As a former Chief Secretary to the Treasury, I am uneasy about the bail-out of Flybe. Every time a private business is bailed out by the taxpayer, the pressure grows.
Its success in innovative industries is based on an R&D-intensive, novel-product-based, export-oriented business model. One that the UK should adopt.
The Business Secretary argues that Parliament’s actions are “discouraging businesses from taking the steps they need to take”, and holding up private sector investment.
A new era of optimism in Downing Street can bring positive changes for my area.
We need to give innovators space to succeed (and fail), citizens more power online and off, and keep our country competitive.
The second article in a three-part series explaining why adapting to a society and economy shaped by technology is key.
Universities have generally had an excellent decade, but the rest of the system has not. It’s time to correct the imbalance.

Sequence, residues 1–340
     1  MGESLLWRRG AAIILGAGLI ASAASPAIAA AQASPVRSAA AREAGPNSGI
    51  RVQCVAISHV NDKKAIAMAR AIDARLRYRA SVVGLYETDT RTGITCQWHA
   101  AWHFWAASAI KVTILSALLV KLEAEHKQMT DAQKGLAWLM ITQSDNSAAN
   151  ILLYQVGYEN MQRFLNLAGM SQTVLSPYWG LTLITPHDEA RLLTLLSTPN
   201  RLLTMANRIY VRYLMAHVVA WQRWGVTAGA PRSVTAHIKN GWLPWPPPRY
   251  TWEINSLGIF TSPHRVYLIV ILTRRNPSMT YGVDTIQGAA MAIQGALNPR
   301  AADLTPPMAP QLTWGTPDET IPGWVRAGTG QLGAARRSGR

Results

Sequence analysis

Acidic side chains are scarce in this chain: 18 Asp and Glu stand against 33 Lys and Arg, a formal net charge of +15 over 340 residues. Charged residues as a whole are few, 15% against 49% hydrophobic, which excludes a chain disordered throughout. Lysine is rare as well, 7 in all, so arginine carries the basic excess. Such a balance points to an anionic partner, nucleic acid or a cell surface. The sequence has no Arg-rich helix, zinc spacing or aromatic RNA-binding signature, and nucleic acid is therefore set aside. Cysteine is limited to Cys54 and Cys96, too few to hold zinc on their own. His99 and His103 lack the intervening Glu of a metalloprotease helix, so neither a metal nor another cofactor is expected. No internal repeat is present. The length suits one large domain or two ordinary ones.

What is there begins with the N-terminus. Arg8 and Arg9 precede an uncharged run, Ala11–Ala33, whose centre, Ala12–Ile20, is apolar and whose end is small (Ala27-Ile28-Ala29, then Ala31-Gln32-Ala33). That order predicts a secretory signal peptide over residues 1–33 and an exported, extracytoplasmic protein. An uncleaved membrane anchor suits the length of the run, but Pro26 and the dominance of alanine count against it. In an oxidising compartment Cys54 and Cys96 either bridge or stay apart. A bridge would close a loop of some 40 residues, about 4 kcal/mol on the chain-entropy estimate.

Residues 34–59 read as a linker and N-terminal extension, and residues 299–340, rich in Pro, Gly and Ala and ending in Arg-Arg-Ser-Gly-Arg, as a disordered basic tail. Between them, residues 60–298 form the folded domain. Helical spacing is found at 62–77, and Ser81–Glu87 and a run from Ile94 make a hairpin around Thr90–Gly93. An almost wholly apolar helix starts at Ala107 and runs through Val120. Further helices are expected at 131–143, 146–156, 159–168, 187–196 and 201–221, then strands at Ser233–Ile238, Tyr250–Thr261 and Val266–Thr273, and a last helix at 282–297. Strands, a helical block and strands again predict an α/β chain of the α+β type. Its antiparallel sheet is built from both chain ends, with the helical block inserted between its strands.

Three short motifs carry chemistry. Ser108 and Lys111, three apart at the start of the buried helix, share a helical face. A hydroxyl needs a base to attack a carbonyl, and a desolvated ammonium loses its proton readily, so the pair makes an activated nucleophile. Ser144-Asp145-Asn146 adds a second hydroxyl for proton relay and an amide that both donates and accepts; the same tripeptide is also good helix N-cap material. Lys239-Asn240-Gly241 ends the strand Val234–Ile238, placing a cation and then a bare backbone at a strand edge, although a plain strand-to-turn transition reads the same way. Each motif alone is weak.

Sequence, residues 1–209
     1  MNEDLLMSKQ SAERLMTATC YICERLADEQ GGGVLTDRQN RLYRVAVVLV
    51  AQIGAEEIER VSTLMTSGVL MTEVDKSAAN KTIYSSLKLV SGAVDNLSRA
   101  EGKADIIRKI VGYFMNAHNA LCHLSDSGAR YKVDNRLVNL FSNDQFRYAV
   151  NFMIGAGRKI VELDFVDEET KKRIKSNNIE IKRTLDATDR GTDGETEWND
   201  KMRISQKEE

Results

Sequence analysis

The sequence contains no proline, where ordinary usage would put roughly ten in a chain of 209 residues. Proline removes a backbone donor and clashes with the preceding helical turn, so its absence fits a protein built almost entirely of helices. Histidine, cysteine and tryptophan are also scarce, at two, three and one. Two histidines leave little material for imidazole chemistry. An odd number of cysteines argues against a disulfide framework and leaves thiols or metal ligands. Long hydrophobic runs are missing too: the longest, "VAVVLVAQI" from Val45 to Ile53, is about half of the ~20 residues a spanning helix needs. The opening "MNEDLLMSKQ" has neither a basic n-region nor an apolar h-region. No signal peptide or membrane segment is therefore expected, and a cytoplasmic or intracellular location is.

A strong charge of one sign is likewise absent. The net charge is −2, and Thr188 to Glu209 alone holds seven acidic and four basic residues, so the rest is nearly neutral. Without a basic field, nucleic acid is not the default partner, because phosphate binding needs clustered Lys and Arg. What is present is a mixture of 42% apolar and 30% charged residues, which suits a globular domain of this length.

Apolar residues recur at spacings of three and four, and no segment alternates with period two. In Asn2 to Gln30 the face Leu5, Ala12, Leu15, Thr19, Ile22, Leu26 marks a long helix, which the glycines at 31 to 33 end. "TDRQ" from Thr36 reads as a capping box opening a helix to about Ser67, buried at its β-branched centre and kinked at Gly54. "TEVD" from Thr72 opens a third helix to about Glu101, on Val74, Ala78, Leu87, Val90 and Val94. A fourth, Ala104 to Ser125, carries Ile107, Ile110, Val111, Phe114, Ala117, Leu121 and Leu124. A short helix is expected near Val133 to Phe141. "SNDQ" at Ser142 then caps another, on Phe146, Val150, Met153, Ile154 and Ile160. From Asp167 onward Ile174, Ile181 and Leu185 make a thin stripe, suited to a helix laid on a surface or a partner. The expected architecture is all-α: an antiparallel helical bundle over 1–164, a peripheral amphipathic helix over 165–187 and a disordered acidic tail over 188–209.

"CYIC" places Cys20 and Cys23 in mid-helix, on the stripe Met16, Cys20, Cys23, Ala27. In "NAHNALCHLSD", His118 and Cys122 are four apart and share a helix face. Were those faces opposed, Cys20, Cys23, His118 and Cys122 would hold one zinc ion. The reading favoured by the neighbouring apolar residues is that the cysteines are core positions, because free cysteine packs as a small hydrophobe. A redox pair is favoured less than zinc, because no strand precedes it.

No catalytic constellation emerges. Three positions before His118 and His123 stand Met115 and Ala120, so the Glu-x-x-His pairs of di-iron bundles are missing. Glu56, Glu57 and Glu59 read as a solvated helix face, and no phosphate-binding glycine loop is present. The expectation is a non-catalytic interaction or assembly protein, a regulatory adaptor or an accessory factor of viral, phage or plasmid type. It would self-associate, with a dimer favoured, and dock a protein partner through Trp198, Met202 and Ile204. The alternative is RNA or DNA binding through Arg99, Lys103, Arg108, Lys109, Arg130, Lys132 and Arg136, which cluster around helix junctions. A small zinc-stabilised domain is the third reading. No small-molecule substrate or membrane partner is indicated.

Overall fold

The battlegrounds of the next election, as well as the wider economy, are being shaped by new technology.
There are worrying echoes of the 1970’s in the re-polarisation of the political debate today. Populism is on the rise.
Is the party about protecting British industry, prioritising the environment, or unleashing the free market? The leadership contest must answer the question.
The march of technology stops for nothing – not even Brexit – and the businesses and regions which embrace it will be the winners of the future.
The high-ranking whip replaces Harrington, who stepped down in March.
It would bring with it many compensations, including regulatory freedom, tariff income and £39 billion of cold, hard cash.
From transport tech and data-driven healthcare, to creative enterprises and the services sector, we are forging ahead.
The national network of large, infrastructure intensive projects has stalled, but there is an alternative.